29
August
2019
|
12:54 AM
America/New_York

To Screen or Not to Screen for Prostate Cancer? It Depends.

Summary

September is Prostate Cancer Awareness Month. If you’re thinking about screening, here’s why you first need to have a conversation with a physician about the potential benefits – and risks.

By Thomas Vincz, Public Relations Manager


The best approach to prostate cancer would seem to be simple enough: get screened, so you can detect the cancer as early as possible and give yourself a better chance of treating it effectively.

But with any condition as serious as prostate cancer – the second leading cause of cancer death among men – it’s not that simple.

On one hand, detecting prostate cancer before it causes symptoms can make it easier to treat. On the other hand, screening can lead to potential risks like false positives or unnecessary surgeries. What’s a man to do?

The good news: men don’t have to answer that question by themselves. In fact, it’s recommended they don’t.

According to the latest guidelines from the American Cancer Society, men who are considering prostate cancer screening are advised to have a conversation with their primary care doctor about the uncertainties, risks and potential benefits of screening. That’s because several factors go into when – or if – men can benefit from screening.

Here are the general screening guidelines from the Prostate Cancer Foundation for men with no unusual prostate-related symptoms:

  • For men at average risk of prostate cancer, they should have the discussion at age 50. About 60 percent of cases are diagnosed in men aged 65 or older, and it is rare before age 40.
  • For African-Americans, age 45 is the right time to talk with a doctor. Research shows African-Americans are 76 percent more likely to develop prostate cancer than a Caucasian man, and more than twice as likely to die from the disease.
  • For men who have a family history of the disease – such as more than one first-degree relative (father, brother or son) diagnosed with prostate cancer at age 65 or younger – the conversation should happen at age 40.

Because prostate cancer is usually slow-growing, men with a life expectancy of less than 10 years do not generally benefit from screening. That’s why it’s not recommended for men age 70 or older to be screened. However, for specific individuals, men should have a conversation with their doctor.

Screening Recommendations from Prostate Cancer Foundation

 

Your PCP can help

A visit to a primary care physician (PCP) can be the ideal place to start this discussion. These doctors can help men make the right screening decision. And if the decision is “yes,” a PCP can also conduct an initial screening.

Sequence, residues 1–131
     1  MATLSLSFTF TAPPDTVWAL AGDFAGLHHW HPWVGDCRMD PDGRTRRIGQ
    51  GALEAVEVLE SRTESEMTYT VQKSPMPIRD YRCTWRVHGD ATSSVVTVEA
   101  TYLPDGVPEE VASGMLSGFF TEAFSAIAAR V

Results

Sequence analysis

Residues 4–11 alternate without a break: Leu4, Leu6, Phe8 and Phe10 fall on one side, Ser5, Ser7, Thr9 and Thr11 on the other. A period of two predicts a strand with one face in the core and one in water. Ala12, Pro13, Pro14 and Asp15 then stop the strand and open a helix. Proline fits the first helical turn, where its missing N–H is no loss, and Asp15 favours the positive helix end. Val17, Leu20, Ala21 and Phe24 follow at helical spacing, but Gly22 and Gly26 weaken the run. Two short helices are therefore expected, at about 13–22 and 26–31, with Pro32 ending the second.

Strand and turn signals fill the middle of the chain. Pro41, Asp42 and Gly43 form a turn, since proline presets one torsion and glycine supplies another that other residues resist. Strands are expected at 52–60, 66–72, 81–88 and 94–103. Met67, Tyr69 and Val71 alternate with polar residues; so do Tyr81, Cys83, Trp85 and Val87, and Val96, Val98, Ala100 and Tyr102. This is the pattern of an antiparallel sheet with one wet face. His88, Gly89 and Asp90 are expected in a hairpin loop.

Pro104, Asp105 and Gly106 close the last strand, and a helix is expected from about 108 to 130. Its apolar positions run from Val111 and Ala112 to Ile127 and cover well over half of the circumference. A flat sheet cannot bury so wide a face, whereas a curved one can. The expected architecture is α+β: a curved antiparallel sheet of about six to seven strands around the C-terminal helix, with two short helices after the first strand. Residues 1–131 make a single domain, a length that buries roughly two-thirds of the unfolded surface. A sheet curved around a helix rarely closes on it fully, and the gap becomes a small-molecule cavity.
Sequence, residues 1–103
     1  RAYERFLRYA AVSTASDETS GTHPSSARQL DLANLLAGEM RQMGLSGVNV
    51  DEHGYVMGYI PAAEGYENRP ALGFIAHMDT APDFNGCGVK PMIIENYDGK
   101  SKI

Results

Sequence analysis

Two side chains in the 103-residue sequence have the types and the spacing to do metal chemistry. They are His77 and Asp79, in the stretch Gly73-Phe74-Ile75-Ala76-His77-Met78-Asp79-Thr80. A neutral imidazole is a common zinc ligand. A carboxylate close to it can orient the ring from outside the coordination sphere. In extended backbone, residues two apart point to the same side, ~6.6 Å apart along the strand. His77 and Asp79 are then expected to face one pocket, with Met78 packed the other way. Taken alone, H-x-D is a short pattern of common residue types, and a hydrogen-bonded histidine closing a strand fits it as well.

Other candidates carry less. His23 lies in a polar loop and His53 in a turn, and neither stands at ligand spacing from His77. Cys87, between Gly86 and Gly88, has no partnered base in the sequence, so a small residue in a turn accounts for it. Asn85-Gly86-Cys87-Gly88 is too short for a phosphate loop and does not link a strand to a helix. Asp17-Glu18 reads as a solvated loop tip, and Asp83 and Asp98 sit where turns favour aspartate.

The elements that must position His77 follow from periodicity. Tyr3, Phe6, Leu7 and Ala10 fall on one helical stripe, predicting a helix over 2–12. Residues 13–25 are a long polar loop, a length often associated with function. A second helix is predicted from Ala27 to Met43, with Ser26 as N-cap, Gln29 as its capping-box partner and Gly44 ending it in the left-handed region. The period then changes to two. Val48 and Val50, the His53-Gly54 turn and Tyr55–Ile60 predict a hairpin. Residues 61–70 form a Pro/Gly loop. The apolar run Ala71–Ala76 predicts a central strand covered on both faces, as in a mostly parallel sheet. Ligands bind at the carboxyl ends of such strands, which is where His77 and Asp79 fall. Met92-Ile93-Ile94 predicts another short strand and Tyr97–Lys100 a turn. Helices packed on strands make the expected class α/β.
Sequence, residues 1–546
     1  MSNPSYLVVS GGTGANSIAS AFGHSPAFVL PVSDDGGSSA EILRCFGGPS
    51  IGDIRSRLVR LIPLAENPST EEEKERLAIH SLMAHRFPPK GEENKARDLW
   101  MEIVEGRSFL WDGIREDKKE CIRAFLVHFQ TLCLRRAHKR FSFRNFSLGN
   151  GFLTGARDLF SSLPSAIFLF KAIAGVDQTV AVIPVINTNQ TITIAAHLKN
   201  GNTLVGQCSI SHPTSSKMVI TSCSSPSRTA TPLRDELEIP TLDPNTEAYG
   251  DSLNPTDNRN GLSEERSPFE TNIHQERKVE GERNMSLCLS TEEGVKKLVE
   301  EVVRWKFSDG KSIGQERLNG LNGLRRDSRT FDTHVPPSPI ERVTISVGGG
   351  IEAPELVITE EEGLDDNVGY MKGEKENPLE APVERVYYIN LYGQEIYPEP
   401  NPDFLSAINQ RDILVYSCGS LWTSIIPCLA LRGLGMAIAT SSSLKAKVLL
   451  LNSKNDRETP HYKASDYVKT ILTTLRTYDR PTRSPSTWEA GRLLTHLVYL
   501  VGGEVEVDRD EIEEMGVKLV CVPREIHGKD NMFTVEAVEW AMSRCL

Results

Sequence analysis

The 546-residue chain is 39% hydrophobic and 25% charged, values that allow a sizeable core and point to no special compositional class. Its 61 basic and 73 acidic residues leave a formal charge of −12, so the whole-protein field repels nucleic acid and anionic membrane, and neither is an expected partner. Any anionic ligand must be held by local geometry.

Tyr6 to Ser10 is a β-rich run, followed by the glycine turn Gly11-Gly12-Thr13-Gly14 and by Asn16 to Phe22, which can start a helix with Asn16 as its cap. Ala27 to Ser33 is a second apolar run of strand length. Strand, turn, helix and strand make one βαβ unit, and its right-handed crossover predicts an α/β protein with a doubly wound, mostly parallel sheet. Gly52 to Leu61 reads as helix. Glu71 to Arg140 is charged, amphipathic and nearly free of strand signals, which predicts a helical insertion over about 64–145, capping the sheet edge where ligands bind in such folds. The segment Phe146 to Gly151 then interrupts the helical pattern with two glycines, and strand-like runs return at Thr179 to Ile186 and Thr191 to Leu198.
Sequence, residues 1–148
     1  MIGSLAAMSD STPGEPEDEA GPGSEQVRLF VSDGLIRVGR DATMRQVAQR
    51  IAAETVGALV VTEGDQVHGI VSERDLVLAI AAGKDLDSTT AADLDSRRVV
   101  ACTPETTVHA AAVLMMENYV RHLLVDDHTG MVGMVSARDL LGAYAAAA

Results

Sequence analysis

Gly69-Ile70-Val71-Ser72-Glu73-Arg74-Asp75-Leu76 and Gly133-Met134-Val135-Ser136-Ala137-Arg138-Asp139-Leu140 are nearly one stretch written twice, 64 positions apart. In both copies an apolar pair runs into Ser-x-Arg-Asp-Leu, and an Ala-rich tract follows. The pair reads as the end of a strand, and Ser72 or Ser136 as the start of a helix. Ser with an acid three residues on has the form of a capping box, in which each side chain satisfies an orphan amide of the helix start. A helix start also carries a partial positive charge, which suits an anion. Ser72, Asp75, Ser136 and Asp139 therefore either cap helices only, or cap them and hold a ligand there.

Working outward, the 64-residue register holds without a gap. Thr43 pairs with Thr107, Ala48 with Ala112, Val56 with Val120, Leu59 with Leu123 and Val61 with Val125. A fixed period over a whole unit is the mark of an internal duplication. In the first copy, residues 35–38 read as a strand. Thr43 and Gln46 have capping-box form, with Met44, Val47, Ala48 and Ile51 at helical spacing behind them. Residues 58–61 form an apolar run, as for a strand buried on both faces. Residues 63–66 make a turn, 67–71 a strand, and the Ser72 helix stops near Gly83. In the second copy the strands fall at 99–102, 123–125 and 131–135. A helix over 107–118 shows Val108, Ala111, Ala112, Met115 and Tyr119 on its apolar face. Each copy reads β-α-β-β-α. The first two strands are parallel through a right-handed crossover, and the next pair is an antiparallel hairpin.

In most cases, this is done through a prostate-specific antigen (PSA) blood test. PSA is a substance made by cells in the prostate gland that can be high in men with prostate cancer. A digital (finger) rectal exam of the patient may also be included as part of prostate cancer screening.

If screening results suggest more complex tests are needed, a PCP can then make a referral to a specialist, such as a urologist.

Know what to look for

Screening is so important because early prostate cancer usually causes no symptoms. But men should be looking out for these possible signs of more advanced cancer:

  • Frequent urination or difficulty starting or stopping urination
  • Blood in the urine or semen
  • Pain or stiffness in the lower back, hips, or upper thighs
  • Difficulty having an erection
  • Painful ejaculation

Many of these symptoms are more likely caused by something other than prostate cancer. Talking with a PCP can help find the real cause and set up treatment if needed.

Extra support for men diagnosed with prostate cancer

One out of nine men in the US will be diagnosed with prostate cancer in his lifetime. Horizon members in this situation can receive extra guidance on how to navigate the care they need.

The Complex Case Management Program from Horizon BCBSNJ is a free, voluntary service that helps members connect to the right resources as they receive treatment such as radiation or surgery. These services can range from helping members get the necessary authorizations for diagnostic imaging to setting up home care once they’ve been discharged from the hospital.

“Case managers are also there to offer emotional support and help our members make the decisions that are best for them,” said Roida Taylor, RN, a case manager at Horizon BCBSNJ with more than 20 years of experience caring for patients with cancer. “This is a difficult time for our members, and we’re someone they can feel comfortable talking to.”

Once members are diagnosed with prostate cancer, their doctor can request a case manager to reach out to a patient. Members can also request case management services through the Horizon Blue website.

Start the conversation

The path to prostate cancer diagnosis and treatment can be filled with twists and detours. But a visit to a PCP can be a cost-effective first step on that journey.

Find a Horizon BCBSNJ in-network PCP here.